Last May the UK information commissioner, Elizabeth Denham, launched a formal investigation into the use of data analytics for political purposes. This involved an initial exploration of what went on in the Brexit referendum campaign but potentially also in others. And given the global nature of digital data, the investigation also involved an investigation into how “companies operating internationally” were using the personal data of UK citizens for political purposes.
The overall goal of this inquiry was to understand how personal information was used in political campaigns. The commissioner was concerned about the “invisible processing” of citizens’ private data by algorithms that carry out data-matching and profiling – which of course is what Google and Facebook do for a living. Their automated engines were originally built to facilitate the targeting of commercial messages at their users. But what became clear in 2016 is that those same engines had been “weaponised” by political actors to deliver targeted political and ideological messages, and that’s a very different game. “When the purpose for using these techniques is related to the democratic process,” wrote Denham, “the case for a high standard of transparency is very strong.”
Quite so. What the commissioner may not have appreciated when she embarked upon her inquiry, though, is that transparency is about as popular with these companies – not to mention the political actors who exploit their automated systems – as garlic is with Count Dracula. Her investigation has covered more than 30 organisations – including political parties and campaigns, data companies and social media platforms, together with a mysterious Canadian outfit, AggregateIQ, whose name continually crops up in connection with this stuff.
Denham’s progress report – published last week on her office’s website – suggests it hasn’t exactly been plain sailing. “A number of organisations,” she reports, “have freely cooperated with us, answered our questions and engaged with the investigation. But others are making it difficult. In some instances we have been unable to obtain the specific details of work that contributed to the referendum campaign and I will be using every available legal tool and working with authorities overseas to seek answers on behalf of UK citizens.”
And some outfits have been obstructive – or “failed to be as comprehensive as I believe they need to be in answering our questions”, as the commissioner politely puts it – forcing her to invoke statutory powers to demand information from data processors. Her office has to date served four formal information notices as part of the investigation, including one to – guess who! – Ukip, which has now appealed against the commissioner’s demands to the Information Rights Tribunal. Cue battalions of m’learned friends and a long war of legal attrition.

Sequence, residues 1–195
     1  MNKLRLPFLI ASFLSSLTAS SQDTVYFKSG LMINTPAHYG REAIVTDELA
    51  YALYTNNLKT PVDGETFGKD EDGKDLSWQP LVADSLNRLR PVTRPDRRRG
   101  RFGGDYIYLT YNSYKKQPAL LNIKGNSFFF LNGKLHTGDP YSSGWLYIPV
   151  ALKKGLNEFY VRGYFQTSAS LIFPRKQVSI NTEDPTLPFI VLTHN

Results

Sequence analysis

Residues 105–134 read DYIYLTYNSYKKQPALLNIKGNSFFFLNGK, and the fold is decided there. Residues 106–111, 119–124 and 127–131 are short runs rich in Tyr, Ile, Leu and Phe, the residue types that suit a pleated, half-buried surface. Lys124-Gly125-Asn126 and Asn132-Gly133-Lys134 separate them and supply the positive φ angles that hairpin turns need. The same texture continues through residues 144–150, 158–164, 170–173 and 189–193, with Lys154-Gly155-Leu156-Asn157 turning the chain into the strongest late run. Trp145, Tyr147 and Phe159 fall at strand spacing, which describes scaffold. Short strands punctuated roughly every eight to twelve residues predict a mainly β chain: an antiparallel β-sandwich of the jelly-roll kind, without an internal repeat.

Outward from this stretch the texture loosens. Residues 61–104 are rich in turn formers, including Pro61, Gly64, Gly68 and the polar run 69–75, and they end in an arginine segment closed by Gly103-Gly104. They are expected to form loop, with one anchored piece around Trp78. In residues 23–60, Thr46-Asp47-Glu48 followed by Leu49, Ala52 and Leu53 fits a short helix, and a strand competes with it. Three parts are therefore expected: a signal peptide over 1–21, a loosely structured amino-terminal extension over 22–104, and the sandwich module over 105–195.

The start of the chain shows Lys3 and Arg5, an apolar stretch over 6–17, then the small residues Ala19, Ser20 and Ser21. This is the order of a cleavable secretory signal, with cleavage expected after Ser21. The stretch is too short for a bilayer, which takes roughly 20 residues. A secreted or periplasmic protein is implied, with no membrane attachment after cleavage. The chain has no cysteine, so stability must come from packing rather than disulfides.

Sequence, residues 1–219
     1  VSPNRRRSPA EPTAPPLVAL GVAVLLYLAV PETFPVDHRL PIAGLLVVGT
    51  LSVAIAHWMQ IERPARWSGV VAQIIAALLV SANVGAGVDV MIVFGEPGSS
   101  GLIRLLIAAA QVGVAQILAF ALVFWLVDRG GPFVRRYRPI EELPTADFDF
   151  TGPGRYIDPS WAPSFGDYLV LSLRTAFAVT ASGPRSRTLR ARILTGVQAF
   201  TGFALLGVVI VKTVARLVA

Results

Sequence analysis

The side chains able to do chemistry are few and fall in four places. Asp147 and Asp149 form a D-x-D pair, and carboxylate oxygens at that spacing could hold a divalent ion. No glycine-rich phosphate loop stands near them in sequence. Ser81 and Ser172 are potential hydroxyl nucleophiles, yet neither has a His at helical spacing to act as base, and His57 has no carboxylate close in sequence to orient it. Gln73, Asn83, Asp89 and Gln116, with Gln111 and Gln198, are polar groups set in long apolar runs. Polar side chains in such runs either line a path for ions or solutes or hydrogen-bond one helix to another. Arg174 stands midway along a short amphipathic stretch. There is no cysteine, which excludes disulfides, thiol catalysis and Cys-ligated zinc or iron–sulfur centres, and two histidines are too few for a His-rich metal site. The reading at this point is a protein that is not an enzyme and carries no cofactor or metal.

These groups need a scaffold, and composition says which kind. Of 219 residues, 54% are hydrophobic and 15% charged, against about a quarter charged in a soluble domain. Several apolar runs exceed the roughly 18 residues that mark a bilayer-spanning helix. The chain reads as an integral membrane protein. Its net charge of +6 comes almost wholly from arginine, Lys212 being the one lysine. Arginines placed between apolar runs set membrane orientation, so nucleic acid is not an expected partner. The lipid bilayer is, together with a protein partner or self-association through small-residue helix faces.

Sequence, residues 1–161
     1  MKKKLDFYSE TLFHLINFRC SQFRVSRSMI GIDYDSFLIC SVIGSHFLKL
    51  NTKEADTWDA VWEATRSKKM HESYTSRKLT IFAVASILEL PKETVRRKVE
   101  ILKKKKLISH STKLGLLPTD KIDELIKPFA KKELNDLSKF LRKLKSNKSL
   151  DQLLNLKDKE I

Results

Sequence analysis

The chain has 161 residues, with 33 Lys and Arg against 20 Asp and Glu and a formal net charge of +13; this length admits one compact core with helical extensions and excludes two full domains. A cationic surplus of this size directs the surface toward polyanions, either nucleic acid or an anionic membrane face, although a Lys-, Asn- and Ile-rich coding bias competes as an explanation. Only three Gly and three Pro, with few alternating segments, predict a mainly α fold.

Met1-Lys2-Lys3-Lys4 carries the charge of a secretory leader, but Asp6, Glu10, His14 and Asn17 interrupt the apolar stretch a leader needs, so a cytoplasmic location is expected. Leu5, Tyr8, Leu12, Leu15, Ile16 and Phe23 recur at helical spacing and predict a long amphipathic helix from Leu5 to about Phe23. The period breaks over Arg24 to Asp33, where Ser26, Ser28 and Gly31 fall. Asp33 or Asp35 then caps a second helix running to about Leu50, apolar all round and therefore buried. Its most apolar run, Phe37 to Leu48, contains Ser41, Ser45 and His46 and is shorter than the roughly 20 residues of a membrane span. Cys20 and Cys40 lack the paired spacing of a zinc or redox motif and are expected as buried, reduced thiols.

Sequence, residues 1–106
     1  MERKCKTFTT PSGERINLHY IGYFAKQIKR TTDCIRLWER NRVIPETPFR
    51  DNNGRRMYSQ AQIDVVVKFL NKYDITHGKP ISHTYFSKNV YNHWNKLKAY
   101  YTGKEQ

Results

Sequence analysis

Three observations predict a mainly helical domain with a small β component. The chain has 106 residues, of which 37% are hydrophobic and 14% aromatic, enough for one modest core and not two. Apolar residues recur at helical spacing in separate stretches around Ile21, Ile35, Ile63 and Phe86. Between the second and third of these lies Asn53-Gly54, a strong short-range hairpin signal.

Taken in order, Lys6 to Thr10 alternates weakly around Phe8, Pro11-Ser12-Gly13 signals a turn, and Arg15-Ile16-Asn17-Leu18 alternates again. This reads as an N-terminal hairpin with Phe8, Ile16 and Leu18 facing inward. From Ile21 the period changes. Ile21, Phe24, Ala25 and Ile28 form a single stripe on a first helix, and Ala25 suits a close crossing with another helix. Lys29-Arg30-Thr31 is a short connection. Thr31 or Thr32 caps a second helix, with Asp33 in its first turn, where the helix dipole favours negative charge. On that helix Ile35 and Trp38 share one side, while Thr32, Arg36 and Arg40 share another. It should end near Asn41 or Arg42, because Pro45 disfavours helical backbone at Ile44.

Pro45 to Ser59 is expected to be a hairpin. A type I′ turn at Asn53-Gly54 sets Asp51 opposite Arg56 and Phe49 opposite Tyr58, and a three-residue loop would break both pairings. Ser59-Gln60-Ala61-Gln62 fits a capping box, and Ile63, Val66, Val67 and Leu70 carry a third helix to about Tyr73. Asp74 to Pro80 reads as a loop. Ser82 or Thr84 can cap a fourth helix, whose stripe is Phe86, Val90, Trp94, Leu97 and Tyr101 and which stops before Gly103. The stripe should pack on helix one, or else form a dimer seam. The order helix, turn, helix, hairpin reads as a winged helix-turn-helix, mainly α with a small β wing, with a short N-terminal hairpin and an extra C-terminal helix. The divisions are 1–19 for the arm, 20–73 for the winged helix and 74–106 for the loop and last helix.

Political campaigning has always been a dirty and corrupt business, polluted by dark money and the unscrupulous use of whatever communications media happens to be dominant at any particular time. The main lesson of the 2016 Brexit and Trump campaigns is that social media and data analytics are now the tools of choice for manipulating public opinion and influencing elections. At the moment, they have several advantages over old-fashioned broadcast TV. First, a lot of the money spent on them in political campaigning can be hidden from regulators, partly because it involves exploiting troves of personal data accumulated over decades by social media companies (and is therefore outside any particular campaign window). Second, unlike older media, different (and possibly contradictory) messages can be delivered to individuals, and no one will ever know. And third, they are fantastically cost-effective. Investigations in the US, for example, suggest that messages crafted by Russian agencies, which spent about $30,000 on Facebook, may have reached up to 126 million users. That’s an awful lot of bangs per buck and perhaps explains why the Leave campaign spent 98% of its communications budget on data analytics.
It seems obvious now that the weaponisation of social media played some role in both the Brexit referendum and the US election. What’s much less clear, however, is whether it was critical in determining the outcome. Personally, I’m sceptical. Our current obsession with digital technology as the trigger for these political earthquakes may actually be a kind of displacement activity. What we’re overlooking is that none of this would have happened if our ruling elites had noticed what four decades of globalisation and neoliberal economics had done to the life chances of many of our fellow citizens.
Nearly four million people in the UK voted for Ukip in 2015, for example, and got just one MP for their trouble. So when David Cameron presented them with a chance to give the neoliberal order a good kicking, they hardly needed their Facebook feeds to tell them what to do. I hope the information commissioner does succeed in unearthing the role of data analytics in Brexit. But even if she does, she’ll only have retrieved one piece of the jigsaw.